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Brayden McDonald presents at a legal conference in 2018.

Brayden McDonald [JD/2019, LLM/2021] presents at a legal conference in 2018.

What makes you stronger

Master of Laws graduate overcame obstacles to find success

October 15, 2021 — 

Not an immediate first-choice articling student for law firms, Brayden McDonald [JD/19] turned a sow’s ear of a situation into a silk purse, by returning to school for a Master of Laws degree at the University of Manitoba’s Faculty of Law. Now about to tread the (virtual) boards to receive his LLM parchment on Monday, October 18 at 3:00 p.m. McDonald has his name on a number of published scholarly works and a Charter challenge court case.

“Brayden was an excellent student, and we’re fortunate to have had him in the LLM program,” said McDonald’s thesis advisor, Dr. Richard Jochelson, Dean of Law. “In his time here, he was able to showcase his research and verbal presentation gifts, and engage in more clinical work.”

The Dean also observed, “This directly afforded him the opportunity to network with prospective employers and showcase his talents.”

McDonald wanted to study law from the start. Born in Winnipeg, he completed an undergraduate degree in Economics and Political Studies. “I always liked the big picture, real world stuff so social science like that was more my forte, though I had a lot of history courses too. I was always stronger in writing than in sciences, so it kind of flowed from my skill set,” he said.

After completing his JD, he quickly turned the setback of not getting offered an articling position into an opportunity. “I had already forged a strong relationship with Dean (still Professor, then) Jochelson by working as a summer student for him, so he was really the one who showed me this alternative path, the LLM.”

Still a student, McDonald was therefore able to volunteer at the University of Manitoba Community Law Centre, which led to his involvement in a Tobacco Tax Act Charter challenge that law students brought before the Manitoba Courts last March.

With guidance from a thesis advisor who taught courses on Criminal Law, and Charter Issues in Criminal Law, and another strong mentor in Jochelson’s research collaborator, Professor David Ireland, McDonald completed a thesis titled: “Expert Evidence or Expert Decisions? Measuring the Impact of Expert Evidence on Criminal Proceedings Outcomes in the Provincial Court of Manitoba.”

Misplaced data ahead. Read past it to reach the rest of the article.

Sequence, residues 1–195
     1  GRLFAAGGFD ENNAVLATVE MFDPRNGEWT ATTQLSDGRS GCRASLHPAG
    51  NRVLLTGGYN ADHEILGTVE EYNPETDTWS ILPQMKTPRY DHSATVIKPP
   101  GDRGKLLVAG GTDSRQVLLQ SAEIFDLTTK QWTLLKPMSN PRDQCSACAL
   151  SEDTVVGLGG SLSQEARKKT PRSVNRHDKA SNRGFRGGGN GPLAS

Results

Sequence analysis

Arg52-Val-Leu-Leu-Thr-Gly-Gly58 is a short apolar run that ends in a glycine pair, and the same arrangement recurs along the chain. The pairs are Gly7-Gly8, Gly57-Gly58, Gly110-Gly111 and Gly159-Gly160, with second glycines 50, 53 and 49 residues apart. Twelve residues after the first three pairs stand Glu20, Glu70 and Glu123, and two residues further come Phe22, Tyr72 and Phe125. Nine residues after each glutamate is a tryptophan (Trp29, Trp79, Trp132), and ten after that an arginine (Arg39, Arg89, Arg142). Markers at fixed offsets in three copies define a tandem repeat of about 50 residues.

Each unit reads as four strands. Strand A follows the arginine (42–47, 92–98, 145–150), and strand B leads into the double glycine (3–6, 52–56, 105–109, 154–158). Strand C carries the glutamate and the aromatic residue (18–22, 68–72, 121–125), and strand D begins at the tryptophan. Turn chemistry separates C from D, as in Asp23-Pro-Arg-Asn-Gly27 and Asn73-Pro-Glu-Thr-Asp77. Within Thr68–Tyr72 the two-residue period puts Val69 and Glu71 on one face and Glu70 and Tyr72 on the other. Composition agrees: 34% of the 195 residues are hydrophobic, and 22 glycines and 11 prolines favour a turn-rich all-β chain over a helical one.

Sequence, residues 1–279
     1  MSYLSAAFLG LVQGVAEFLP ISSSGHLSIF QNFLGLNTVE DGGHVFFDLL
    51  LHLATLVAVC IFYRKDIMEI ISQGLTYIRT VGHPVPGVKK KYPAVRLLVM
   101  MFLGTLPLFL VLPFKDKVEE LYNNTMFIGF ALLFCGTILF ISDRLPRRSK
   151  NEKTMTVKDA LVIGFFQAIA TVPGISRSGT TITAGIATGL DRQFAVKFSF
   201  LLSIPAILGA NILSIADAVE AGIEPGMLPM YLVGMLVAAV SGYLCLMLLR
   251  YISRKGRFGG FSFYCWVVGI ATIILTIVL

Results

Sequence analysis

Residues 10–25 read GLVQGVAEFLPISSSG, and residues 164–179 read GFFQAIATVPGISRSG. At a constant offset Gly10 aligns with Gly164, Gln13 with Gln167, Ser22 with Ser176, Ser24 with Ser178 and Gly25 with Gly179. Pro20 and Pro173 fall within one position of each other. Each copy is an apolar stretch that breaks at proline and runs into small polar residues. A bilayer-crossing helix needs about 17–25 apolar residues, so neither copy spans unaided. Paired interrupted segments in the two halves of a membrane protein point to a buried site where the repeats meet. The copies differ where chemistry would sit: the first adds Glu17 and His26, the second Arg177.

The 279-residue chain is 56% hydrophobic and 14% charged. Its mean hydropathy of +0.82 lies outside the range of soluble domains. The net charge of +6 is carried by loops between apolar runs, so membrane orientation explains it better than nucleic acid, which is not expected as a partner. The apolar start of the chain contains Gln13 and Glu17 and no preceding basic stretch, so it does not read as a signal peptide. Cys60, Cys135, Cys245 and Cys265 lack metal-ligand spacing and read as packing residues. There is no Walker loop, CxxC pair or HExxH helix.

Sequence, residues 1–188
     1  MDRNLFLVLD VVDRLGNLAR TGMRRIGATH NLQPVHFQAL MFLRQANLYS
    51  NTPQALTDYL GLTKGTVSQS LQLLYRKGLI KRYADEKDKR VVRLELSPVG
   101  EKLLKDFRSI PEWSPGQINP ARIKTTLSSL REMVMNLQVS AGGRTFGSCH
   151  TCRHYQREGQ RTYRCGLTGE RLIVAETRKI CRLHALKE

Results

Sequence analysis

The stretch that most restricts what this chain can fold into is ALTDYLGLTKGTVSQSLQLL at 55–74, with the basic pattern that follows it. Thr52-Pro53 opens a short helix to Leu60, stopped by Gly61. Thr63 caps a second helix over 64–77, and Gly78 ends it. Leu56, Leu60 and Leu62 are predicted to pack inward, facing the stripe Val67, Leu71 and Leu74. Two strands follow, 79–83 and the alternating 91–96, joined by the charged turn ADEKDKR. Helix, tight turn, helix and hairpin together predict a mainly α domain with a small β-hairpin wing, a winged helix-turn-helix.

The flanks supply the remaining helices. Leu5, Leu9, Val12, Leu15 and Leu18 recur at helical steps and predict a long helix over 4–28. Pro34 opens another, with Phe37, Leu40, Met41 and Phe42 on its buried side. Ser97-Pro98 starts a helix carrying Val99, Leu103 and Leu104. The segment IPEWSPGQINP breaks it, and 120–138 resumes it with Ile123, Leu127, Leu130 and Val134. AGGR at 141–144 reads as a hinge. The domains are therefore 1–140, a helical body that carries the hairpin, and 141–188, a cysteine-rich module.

“Specifically, I wanted to see how the presence of expert evidence in court proceedings swayed outcomes on a broad scale. We hear about the dangers of expert evidence in law school, as well as the advantages, and other issues like junk science, etc.,” McDonald explained.

“But it made me wonder to what extent this might actually be an issue, or if academia and case reporters were just highlighting a narrow slice of bad decisions in a much larger pie. Are judges just accepting science they don’t understand? How can we tell? Are the instances we can identify isolated or emblematic?”

As for what happens next, at the moment, McDonald is happy to have finally obtained an articling position last May, and is focusing on finishing that.  “In the end, I think I charted the best course. I have articles now AND a Masters’ degree. It felt pretty stressful at the time, not getting a job, but now at 26 I have a BA, a JD and an LLM, plus I’m articling, so if all goes well I’ll have my Call to the Bar by the time I’m 27! From there, who knows. I like practice so far, especially being in court, but I have my foot in the academic door now too, so you never know…”

Coming out of the Master of Laws program, the biggest lesson learned for McDonald was “self discipline,” he said. “Two years seem like a nearly infinite time to finish a project, even one as big as a thesis, but deadlines creep up fast and there is not really anyone looking over your shoulder.

“It’s an immense amount of work and you need to develop a routine and commit to it. It’s a lesson that’s served me well in articling, which is also, at least for me, significantly self driven. I imagine that practice is even more so.”

“I also learned that patience and determination pay off. I could’ve given up and just kept looking for a job, letting opportunities dwindle,” he said, “but instead I took a bad hand and played it the best I could, turned it into an opportunity, and now I’m quite happy with how things turned out. 

Things have turned out quite well, especially when the Dean of Law says things like, “[McDonald] is the epitome of a successful graduate student and is a valued Robson Hall community member.”

High praise, indeed. Well done, Brayden!

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Brayden McDonald recently contributed to Law and Disability in Canada: Cases and Materials, a book co-authored by Jochelson and Ireland with others, which launches Wednesday, October 20 at 12:00 p.m. (CT).

 

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